The Latest: US warns citizens ahead of Jerusalem move

The Palestinian, Jordanian and Egyptian governments said that President Trump called them Tuesday to inform them he intends to move the U.S. Embassy in Israel to Jerusalem, a step that could upend the White House’s peace efforts and spark regional unrest.

“Mr. Trump told our president he was going to move the embassy from Tel Aviv to Jerusalem,” said Nabil Shaath, an adviser to Palestinian President Mahmoud Abbas who said Abbas had personally briefed him on the call. Trump did not give a time frame, Shaath said.

Trump also told Abbas that, in exchange, the United States would make future moves that he thought would please the Palestinian people, although he did not offer details, according to Shaath. “Our president said, ‘You don’t have anything that would make up for this on Jerusalem.’ He said, ‘Definitely, we will not accept it.’ ”

Abbas warned Trump that he was “playing into the hands of extremism,” but Trump “just went on saying he had to do it,” Shaath said.

The Egyptian government said Trump also called President Abdel-Fattah el-Sissi to discuss the plan to move the embassy. Sissi “reiterated Egypt’s unwavering position with regard to maintaining the legal status of Jerusalem within the framework of international references and relevant U.N. resolutions,” it said in a statement.

Jordan’s King Abdullah III said it would undermine U.S. efforts to resume the peace process, according to news reports. 

In Riyadh, the Saudi Press Agency said that King Salman bin Abdul Aziz had received a call from Trump, as well, and that the two discussed the potential moves. Using the Arabic name for Jerusalem, the king “reiterated that such a dangerous step of relocation or recognition of Al-Quds as the capital of Israel would constitute a flagrant provocation of Muslims, all over the world,” the agency said.

The White House said a call was also scheduled with Israeli Prime Minister Benjamin Netanyahu. A spokesman for his office declined to comment.

Administration officials refused to comment on any of the calls or to clarify whether the president, who has said for months he hopes to relocate the embassy, plans to enact the change in the near future.

The calls came amid expectation of a U.S. policy shift on its recognition of Jerusalem as Israel’s capital. Shaath said Trump spoke with Abbas about moving the embassy rather than about recognizing Jerusalem, but moving the mission would effectively do that anyway. The White House let a Monday deadline for signing a waiver that allows the embassy to remain in Tel Aviv pass overnight but said Trump was still deciding on the next U.S. move. That could include formally recognizing Jerusalem as Israel’s capital but holding back on moving the embassy.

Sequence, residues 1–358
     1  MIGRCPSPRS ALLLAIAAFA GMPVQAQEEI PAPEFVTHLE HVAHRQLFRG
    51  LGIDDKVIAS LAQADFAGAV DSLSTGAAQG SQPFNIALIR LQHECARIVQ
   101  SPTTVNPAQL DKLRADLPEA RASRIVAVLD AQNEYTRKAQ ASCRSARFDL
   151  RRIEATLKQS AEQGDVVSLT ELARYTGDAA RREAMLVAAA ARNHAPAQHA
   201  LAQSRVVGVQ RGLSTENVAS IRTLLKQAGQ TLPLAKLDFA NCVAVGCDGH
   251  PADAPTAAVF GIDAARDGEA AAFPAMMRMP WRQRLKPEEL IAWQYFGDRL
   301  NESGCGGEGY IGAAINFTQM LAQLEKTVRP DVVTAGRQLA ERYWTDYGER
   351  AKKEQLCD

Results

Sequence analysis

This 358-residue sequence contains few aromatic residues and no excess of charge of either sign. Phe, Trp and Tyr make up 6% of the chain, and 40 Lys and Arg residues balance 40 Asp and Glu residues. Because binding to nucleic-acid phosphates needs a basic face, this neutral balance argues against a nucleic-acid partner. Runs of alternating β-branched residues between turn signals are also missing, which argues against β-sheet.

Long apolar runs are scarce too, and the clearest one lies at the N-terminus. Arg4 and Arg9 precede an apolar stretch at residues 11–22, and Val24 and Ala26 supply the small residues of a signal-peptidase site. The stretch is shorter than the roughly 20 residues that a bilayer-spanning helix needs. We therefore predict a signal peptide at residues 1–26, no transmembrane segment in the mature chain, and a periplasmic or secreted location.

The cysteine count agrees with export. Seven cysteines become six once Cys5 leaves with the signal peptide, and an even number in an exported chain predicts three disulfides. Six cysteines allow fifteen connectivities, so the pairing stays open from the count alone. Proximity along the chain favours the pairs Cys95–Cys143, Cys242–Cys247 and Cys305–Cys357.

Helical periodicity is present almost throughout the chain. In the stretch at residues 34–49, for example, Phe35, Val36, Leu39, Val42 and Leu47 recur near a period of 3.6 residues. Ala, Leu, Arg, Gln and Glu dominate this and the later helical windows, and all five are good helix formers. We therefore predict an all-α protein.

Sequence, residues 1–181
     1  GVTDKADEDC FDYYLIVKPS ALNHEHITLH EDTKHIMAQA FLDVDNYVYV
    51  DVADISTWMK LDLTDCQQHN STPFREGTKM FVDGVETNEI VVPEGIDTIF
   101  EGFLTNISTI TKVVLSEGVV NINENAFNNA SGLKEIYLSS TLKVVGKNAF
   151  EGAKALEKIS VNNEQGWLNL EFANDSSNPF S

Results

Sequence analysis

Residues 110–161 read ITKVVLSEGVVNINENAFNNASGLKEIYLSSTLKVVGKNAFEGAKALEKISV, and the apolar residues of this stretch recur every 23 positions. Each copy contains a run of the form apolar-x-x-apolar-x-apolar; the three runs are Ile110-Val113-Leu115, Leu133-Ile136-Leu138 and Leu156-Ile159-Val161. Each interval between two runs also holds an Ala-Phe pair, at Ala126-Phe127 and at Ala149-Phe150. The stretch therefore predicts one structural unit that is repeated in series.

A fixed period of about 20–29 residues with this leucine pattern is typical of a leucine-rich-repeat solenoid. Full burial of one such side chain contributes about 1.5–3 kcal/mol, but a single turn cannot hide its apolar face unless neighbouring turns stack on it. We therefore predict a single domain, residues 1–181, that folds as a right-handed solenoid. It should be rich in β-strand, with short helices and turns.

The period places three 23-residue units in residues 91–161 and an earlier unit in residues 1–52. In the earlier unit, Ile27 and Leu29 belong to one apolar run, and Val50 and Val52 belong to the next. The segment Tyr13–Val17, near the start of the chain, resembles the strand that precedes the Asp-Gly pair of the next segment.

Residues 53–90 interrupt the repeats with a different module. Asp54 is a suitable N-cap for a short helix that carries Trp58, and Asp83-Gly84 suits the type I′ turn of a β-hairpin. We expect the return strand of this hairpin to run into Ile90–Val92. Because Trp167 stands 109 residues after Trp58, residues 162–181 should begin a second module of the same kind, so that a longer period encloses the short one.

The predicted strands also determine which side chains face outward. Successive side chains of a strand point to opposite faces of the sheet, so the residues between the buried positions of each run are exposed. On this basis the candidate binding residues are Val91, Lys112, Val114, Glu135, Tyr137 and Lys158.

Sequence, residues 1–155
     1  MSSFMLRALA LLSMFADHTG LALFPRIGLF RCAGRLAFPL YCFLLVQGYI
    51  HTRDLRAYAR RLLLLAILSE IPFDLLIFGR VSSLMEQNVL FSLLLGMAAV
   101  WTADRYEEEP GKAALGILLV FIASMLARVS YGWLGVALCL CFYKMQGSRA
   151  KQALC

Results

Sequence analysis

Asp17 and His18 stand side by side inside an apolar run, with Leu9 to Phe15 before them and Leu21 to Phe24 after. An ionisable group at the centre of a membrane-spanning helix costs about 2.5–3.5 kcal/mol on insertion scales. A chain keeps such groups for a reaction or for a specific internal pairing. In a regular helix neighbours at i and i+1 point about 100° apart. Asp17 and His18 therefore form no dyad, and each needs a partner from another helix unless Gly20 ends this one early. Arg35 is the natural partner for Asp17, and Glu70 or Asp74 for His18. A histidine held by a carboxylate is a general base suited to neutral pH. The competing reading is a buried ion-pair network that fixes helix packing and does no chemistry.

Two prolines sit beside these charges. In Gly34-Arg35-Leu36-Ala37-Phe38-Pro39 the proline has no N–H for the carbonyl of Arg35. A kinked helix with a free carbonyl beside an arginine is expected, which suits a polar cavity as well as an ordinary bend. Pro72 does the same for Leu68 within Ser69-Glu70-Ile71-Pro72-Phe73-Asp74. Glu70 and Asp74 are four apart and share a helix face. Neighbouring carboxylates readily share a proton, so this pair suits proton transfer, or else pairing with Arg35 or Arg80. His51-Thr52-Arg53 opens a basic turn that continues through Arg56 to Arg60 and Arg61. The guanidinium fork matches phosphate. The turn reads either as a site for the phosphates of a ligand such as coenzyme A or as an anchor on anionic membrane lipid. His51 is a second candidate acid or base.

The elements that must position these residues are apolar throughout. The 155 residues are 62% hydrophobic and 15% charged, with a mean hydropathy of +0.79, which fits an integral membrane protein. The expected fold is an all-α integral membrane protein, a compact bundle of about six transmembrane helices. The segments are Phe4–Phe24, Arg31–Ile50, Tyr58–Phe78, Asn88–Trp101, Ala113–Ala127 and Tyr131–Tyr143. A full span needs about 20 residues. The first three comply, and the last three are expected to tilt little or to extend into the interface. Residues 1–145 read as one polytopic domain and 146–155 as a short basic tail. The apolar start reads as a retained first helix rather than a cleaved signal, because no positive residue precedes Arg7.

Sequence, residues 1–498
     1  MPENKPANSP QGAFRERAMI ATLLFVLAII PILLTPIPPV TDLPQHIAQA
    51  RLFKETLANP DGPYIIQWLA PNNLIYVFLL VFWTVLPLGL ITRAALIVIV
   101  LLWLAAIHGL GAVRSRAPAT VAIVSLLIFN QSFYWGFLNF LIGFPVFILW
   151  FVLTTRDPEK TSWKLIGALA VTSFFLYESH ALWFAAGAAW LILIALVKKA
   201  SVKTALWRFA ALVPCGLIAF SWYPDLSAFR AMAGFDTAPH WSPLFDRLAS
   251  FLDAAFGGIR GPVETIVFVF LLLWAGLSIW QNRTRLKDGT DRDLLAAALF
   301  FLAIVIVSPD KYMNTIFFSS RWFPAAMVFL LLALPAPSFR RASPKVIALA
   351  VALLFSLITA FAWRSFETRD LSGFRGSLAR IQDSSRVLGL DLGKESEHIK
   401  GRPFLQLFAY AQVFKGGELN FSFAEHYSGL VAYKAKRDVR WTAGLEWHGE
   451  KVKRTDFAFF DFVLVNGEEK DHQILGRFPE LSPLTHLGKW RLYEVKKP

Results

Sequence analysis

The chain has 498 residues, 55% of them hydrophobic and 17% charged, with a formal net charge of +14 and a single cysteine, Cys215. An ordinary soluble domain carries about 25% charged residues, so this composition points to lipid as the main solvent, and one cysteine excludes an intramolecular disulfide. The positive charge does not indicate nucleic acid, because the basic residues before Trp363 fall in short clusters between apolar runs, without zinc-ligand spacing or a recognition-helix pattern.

The waiver has been signed every six months by U.S. presidents for more than two decades. 

Muslim tourists from India view the Old City of Jerusalem on Tuesday, with the Dome of the Rock, one of Islam’s holiest sites, in the distance. (Jim Hollander/European Pressphoto Agency-EFE/Rex/Shutterstock)

No other countries have their embassies in Jerusalem, with a long-standing international consensus that the city’s status should be decided in a peace deal between Israelis and Palestinians. Israel regards the city as its undivided capital, while Palestinians see majority-Arab East Jerusalem as the seat of their future state.

Palestinian factions jointly announced three “days of rage,” beginning Wednesday, to protest the potential U.S. embassy move and recognition of Jerusalem. In a statement they called on supporters around the world to gather in city centers and at Israeli embassies and consulates to voice their anger.

In a statement late Tuesday, the U.S. Consulate in Jerusalem urged American citizens in Israel to avoid large crowds or areas where security had been increased and ordered its staff members and their families to avoid Jerusalem’s Old City and the West Bank except for “essential” business.